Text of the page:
- a 27.9% increase to the minimum salary for postdoctoral fellows and associates over the same contract period
- “substantial enhancements” in wages as well as a commitment to multi-year university support for our teaching assistants and graduate assistants, who would see their 10-month salaries increase to $40,000 over the course of the contract, in addition to healthcare coverage and free tuition
Holloway added that the proposed framework is for contracts that would be retroactive to July 1, 2022, and will therefore provide back pay to covered employees.
Union leaders touted many of the same highlights, with somewhat less detail.
“We believe we have secured profound victories for our unions in this framework: significant pay increases for adjuncts; substantial raises for grad workers, moving them toward a living wage; structural job security improvements for adjunct and non-tenure-track faculty; union representation for graduate fellows; pay increases for postdocs; our first common good demands to center our students and communities; full-time faculty control over teaching conditions, including scheduling; and more,” reads a joint statement from the three unions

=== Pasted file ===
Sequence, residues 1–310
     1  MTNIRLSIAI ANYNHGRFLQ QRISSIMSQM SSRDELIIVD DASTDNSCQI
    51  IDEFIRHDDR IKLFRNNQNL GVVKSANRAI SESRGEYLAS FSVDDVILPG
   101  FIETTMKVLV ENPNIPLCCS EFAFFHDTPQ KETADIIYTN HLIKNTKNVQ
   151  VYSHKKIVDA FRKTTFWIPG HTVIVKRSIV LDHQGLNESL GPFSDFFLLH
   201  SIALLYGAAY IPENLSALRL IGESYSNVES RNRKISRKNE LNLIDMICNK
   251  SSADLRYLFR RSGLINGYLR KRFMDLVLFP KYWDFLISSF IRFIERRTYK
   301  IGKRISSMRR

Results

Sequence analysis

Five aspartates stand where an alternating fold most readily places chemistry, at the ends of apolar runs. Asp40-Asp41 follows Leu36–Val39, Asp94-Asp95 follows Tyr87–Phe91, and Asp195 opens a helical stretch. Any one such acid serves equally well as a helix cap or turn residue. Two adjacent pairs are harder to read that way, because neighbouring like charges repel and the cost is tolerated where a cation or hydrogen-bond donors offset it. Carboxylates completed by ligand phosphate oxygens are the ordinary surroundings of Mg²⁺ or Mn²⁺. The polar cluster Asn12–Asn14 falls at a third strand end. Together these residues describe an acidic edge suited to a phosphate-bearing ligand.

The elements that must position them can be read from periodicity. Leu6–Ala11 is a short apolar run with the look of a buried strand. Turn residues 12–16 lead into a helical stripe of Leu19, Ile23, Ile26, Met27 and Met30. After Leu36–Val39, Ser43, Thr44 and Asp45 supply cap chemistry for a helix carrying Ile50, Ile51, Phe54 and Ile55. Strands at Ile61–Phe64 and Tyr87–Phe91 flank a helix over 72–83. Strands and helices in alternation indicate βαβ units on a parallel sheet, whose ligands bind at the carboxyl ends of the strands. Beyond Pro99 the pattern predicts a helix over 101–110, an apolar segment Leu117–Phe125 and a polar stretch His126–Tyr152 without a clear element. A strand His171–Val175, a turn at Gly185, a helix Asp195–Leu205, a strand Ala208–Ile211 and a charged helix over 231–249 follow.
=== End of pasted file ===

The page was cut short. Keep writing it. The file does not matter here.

Agreements would have to be approved by union members in a “secret ballot” vote, according to the negotiators, who represented each of the three striking unions:
- AAUP-AFT (American Association of University Professors-American Federation of Teachers)
- PTLFC-AAUP-AFT (Part-Time-Lecturer Faculty Council-AAUP-AFT)
- AAUP-BHSNJ (AAUP-Biomedical and Health Sciences of New Jersey)
“We have not reached a Tentative Agreement for members to vote on,” said the unions overnight as the news of the framework spread. “There are open issues that need to be resolved, especially for AAUP-BHSNJ, and we won’t leave our colleagues at [Rutgers Biomedical and Health Sciences] behind.”
It had been a frantic five days since the impending strike was announced on the night of April 9.
Governor Murphy invited both sides to negotiate in his offices in the Statehouse the following day. On April 11, he told a radio reporter that he was “pissed off” that the ongoing disputes had led to a strike.
The conflict put the Governor in a pickle, pitting one of the unions that backed him politically against the powerful Rutgers Board of Governors, the majority of which are appointed by him, including two initially nominated by former Governor Chris Christie and re-nominated by Murphy.
Murphy got flack for the fact that another Christie connection was Rutgers’ choice for labor negotiator: David Cohen, a close ally of the notoriously anti-union ex-Governor.
For the first four nights of the strike, the union held massive “town halls” using the zoom videoconferencing platform (and broadcasting them on YouTube), where hundreds gathered to hear updates on the negotiations and the protest actions.